On October 17, 2006, College Republicans held an anti-terrorism rally on the campus of San Francisco State University (SFSU). Through this event, they wanted to educate fellow students about the effects of domestic and international terrorism, memorialize the victims of recent terroristic attacks, and prompt further conversation on the proper way to combat terrorist groups. To prepare for the rally, several members of College Republicans painted butcher paper to resemble the flags of Hezbollah and Hamas. At the rally, College Republican members stepped on the paper “flags” to mimic the way Hezbollah and Hamas protested the United States. Unbeknownst to College Republicans, both flags contained Arabic script representing the word “Allah.” When some students informed College Republicans of this, the script was blacked out. But even this did not pacify some. Several students threatened to attack members of College Republicans if they did not stop stepping on the paper flags. Over a week after the rally, a student filed a formal complaint with SFSU claiming that College Republicans had “incited violence,” created a “hostile environment,” and engaged in “actions of incivility.” The complaint was based on an SFSU and California State University System speech code policy that required all students to “be civil” to one another. In the ensuing weeks, other students complained that the rally was “offensive” and “disrespectful.” Although College Republicans simply exercised their First Amendment rights, SFSU conducted a five-month investigation into the group’s activity. The ADF Center for Academic Freedom filed suit on behalf of College Republicans against various officials of the California State University System and SFSU for retaliating against the students and violating their rights to free speech through the investigation and speech code. It moved for a preliminary injunction against the speech code.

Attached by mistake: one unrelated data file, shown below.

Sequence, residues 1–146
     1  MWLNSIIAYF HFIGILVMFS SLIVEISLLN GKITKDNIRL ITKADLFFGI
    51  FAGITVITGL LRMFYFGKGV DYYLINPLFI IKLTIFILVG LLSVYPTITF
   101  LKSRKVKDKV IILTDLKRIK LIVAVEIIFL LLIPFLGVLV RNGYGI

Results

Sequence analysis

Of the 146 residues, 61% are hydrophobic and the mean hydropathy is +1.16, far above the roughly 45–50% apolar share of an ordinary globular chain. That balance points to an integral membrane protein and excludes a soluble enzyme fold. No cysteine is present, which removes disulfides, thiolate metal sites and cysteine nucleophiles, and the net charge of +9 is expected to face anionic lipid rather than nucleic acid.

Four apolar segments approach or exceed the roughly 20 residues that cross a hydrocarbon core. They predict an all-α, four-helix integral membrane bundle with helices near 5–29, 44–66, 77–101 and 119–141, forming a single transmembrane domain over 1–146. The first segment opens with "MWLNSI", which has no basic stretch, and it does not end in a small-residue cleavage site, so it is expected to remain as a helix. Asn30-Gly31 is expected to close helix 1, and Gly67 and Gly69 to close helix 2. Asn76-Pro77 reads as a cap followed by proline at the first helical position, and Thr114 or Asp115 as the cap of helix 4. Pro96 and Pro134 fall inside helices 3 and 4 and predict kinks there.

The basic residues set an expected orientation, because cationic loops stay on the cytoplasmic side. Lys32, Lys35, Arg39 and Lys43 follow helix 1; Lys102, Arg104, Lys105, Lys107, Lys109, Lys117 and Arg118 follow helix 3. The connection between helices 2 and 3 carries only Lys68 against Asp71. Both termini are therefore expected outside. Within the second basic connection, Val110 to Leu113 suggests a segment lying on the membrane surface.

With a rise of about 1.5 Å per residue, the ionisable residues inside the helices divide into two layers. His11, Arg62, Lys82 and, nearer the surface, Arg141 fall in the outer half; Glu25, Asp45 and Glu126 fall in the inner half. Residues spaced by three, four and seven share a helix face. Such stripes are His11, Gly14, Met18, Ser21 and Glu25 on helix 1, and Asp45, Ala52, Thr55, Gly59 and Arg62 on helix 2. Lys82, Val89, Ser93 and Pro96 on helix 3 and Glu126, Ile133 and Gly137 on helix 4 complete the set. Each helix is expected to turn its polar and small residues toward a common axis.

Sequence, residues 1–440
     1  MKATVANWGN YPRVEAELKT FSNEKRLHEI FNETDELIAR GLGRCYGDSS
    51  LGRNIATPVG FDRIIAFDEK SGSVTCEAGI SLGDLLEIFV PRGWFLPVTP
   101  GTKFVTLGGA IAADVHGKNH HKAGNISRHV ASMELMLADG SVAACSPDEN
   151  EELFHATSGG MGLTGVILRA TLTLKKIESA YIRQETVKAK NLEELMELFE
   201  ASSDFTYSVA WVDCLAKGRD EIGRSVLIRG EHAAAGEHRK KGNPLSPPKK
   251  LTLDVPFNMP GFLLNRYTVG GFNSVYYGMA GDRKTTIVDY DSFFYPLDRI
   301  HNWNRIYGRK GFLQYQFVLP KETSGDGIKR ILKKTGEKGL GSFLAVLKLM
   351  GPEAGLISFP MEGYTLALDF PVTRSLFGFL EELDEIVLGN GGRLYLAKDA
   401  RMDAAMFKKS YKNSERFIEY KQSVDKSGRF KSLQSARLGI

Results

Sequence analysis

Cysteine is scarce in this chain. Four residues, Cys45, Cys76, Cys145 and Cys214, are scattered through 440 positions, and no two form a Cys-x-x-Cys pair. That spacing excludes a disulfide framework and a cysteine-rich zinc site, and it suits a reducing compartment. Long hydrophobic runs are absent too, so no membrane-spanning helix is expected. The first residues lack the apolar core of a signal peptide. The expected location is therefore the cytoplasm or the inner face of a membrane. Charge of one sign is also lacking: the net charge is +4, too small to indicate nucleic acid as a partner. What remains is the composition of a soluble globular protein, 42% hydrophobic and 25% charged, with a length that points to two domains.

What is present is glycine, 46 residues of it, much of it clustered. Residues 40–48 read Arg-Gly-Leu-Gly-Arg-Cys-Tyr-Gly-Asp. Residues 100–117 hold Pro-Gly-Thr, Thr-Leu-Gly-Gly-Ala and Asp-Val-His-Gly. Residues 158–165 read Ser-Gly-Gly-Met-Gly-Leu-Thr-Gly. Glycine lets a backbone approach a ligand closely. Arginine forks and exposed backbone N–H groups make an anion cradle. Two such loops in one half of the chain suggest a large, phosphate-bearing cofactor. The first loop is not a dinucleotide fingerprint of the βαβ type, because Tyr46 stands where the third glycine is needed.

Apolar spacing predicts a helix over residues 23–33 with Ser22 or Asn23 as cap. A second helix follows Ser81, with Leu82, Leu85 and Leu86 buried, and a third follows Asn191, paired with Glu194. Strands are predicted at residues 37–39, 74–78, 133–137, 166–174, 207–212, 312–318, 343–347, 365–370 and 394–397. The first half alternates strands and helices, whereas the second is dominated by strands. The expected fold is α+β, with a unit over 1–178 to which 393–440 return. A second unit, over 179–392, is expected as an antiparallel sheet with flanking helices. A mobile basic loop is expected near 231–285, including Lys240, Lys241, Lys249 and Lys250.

WIN. On November 19, 2007, the district court granted the preliminary injunction and struck down the “civility” portion of the speech code as unconstitutional because such broadly worded rules allow school administrators to discriminate on the basis of viewpoint. On March 4, 2008, College Republicans reached a settlement with SFSU, which amended the system-wide speech code to remove the “civility” language, eliminated the unconstitutional portions of two other SFSU speech codes, provided nominal damages to the College Republicans, and attorneys’ fees and costs to ADF.
The court’s preliminary injunction and the parties’ settlement eliminated a university speech code that posed a distinct risk to Christian groups and enabled the approximately 450,000 students on twenty-three California State University campuses to speak freely.
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